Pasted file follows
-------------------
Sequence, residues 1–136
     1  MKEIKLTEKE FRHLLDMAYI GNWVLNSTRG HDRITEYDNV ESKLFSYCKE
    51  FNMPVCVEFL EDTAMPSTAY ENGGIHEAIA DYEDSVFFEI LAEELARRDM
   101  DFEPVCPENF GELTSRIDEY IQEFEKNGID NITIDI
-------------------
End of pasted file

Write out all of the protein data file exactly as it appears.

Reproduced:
Sequence, residues 1–136
     1  MKEIKLTEKE FRHLLDMAYI GNWVLNSTRG HDRITEYDNV ESKLFSYCKE
    51  FNMPVCVEFL EDTAMPSTAY ENGGIHEAIA DYEDSVFFEI LAEELARRDM
   101  DFEPVCPENF GELTSRIDEY IQEFEKNGID NITIDI